Dr. Dave Galbraith

Ph. D. Entomology, Pennsylvania State University (2015)
B.S. Biology, Pennsylvania State University (2010)

Postdoctoral Scholar, Department of Entomology, Pennsylvania State University

Recent advances in molecular tools have allowed us to examine the interactions between host and pathogen. These tools can also be used to examine epigenetic responses, mechanisms underlying selection for more or less virulent pathogens, and identify new pathogens. My research program uses honey bees as a model system to examine these questions in further detail. In the United States, beekeepers lose an average of 30% of their honey bee colonies each winter, and recent surveys of summer losses indicate that beekeepers lose an average of 20% of their colonies in the summer months as well. There are multiple factors that contribute to honey bee colony losses, but pathogens have been shown to play a major role. At this point, beekeepers currently have no direct management strategies to reduce pathogens in their colonies. The primary recommendation is to minimize exposure to other stressors that may increase pathogen loads, such as Varroa mite infestation and pesticides. Currently, the fields of honey bee pathology and immunity are still in their infancy, but they are growing rapidly with the increasing global demand for pollinators and rising economic costs associated with colony losses. In my dissertation work, I used physiological, transcriptomic, and epigenomic approaches to assess the role of epigenetic mechanisms in mediating conflict within honey bee colonies, including the discovery of a novel antiviral response pathway. As a postdoc, I expanded my research to examine factors associated with increasing pathogen virulence and also the identification of novel viruses.

Zanni V, Galbraith DA, Annoscia D, Bortolomeazzi R, Grozinger CM, Nazzi F (in prep). Prophylactic use of pollen to mitigate the deleterious effects of mite (Varroa destructor) infestation in honey bee (Apis mellifera) colonies

Zanni V, Galbraith DA, Annoscia D, Grozinger CM, Nazzi F (in prep) Transcriptional signatures of parasitization and markers of colony decline in Varroa-infested honey bees (Apis mellifera).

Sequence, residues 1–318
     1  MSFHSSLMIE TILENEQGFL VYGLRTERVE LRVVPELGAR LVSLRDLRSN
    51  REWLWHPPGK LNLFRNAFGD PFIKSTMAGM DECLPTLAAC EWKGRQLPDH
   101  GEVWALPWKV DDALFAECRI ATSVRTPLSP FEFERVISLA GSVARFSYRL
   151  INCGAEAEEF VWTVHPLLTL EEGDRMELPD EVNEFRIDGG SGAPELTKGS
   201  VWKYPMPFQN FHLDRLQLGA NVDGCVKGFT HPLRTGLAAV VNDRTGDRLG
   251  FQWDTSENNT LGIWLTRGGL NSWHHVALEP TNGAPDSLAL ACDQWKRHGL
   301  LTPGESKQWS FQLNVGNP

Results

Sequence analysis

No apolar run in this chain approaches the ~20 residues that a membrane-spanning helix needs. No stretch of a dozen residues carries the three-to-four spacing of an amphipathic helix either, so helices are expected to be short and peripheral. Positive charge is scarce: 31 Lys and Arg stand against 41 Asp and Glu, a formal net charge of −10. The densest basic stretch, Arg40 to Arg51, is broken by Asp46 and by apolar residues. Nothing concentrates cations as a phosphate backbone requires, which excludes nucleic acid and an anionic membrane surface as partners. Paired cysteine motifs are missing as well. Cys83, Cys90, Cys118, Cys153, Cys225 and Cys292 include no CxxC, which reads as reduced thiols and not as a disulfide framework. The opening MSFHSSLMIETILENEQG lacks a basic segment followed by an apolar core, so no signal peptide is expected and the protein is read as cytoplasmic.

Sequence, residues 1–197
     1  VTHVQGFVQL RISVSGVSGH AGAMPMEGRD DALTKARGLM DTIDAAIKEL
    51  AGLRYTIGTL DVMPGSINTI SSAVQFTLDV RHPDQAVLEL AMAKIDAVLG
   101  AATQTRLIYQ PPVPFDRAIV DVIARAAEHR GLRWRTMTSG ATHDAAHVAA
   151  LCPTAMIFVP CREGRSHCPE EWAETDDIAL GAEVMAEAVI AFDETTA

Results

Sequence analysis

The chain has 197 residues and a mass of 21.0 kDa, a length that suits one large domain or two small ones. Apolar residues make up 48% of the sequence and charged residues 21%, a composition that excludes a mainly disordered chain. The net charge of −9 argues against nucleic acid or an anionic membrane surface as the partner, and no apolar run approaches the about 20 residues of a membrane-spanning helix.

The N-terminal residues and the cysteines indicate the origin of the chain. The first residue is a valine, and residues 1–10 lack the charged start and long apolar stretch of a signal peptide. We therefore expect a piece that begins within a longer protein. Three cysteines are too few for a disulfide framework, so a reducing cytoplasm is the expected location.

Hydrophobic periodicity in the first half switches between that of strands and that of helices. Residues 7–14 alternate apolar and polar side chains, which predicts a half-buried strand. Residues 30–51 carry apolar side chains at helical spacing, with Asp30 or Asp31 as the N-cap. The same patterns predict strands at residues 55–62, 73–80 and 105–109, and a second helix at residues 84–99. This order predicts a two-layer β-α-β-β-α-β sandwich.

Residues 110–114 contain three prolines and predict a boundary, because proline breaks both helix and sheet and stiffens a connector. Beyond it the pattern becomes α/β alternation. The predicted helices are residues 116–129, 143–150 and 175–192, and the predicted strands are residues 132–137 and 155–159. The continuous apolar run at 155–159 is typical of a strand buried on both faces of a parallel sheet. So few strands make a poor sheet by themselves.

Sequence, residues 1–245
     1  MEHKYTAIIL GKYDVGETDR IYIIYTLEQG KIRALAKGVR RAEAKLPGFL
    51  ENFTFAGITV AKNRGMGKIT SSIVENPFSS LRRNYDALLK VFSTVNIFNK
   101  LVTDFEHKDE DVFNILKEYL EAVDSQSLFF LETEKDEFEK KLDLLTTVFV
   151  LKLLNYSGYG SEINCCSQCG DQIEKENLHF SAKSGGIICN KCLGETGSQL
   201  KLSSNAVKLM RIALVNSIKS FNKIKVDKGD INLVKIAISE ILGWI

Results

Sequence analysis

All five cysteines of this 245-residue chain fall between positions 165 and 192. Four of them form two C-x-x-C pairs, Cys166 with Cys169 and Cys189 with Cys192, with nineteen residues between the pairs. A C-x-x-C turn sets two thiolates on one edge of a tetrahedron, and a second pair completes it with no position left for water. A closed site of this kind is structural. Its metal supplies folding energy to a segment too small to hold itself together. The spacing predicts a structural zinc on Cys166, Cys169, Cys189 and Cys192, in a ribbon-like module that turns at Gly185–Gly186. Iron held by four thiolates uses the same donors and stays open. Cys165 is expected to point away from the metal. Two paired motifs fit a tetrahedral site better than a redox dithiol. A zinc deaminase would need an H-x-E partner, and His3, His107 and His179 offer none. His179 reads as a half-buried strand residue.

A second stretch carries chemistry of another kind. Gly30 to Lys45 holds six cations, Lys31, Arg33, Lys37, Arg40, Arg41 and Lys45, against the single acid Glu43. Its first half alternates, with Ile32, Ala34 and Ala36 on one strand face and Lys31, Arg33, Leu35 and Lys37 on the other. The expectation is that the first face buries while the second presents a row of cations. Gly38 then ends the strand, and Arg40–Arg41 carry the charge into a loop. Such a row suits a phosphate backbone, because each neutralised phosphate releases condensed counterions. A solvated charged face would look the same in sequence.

Rivera-Vega LJ, Galbraith DA, Grozinger CM, Felton GW (in prep) Host plant driven transcriptome plasticity in the salivary glands of the cabbage looper (Trichoplusia ni).

Galbraith DA, Yi SV, Grozinger CM (in review) Evaluation of possible proximate mechanisms underlying the kinship theory of intragenomic conflict in social insects. Integrative and Comparative Biology

Galbraith DA, Kocher SD, Glenn T, Albert I, Hunt GJ, Strassmann JE, Queller DC, Grozinger CM (2016) Examination of the Role of the Kinship Theory of Genomic Imprinting in Mediating Social Interactions in Honey Bees (Apis mellifera). PNAS.

Galbraith DA, Yang X, Niño EL, Yi S, Grozinger C (2015) Parallel Epigenomic and Transcriptomic Responses to Viral Infection in Honey Bees (Apis mellifera). PLOS Pathog 11(3):e1004713.

Galbraith DA, Wang Y, Amdam G V., Page RE, Grozinger CM (2015) Reproductive physiology mediates honey bee (Apis mellifera) worker responses to social cues. Behav Ecol Sociobiol. doi:10.1007/s00265-015-1963-4.

Amsalem E, Galbraith DA, Cnaani J, Teal P, Grozinger CM (2015) Conservation and modification of genetic and physiological toolkits underpinning diapause in bumble bee queens. Molecular Ecology.

Weiner SA, Galbraith DA, Adams DC, Valenzuela N, Noll FB, Grozinger CM (2013) A survey of DNA methylation across social insect species, life stages, and castes reveals abundant and casteassociated methylation in a primitively social wasp. Naturwissenschaften 100(8):795–9

2015:  NSF-RCN laboratory exchange award
2014:  IUSSI-NAS Student Travel Award to attend The 17th Meeting of the International Union for the Study of Social Insects, Cairns, Australia.
2014:  University Office of Global Programs International Travel Award
2014:  Michael E. Duke Memorial Award
2013:  The Sahakian Family Travel Award, Penn State University
2013:  IUSSI-NAS Student Travel Award to attend the Annual Meeting of the Entomological Society of America, Austin, TX, USA.